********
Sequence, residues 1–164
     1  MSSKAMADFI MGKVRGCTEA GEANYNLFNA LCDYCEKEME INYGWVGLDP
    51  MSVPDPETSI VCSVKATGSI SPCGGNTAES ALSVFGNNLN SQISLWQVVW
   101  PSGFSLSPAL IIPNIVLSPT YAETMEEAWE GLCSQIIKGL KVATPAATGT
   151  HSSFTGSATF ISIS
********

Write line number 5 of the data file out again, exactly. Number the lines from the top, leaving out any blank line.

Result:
   151  HSSFTGSATF ISIS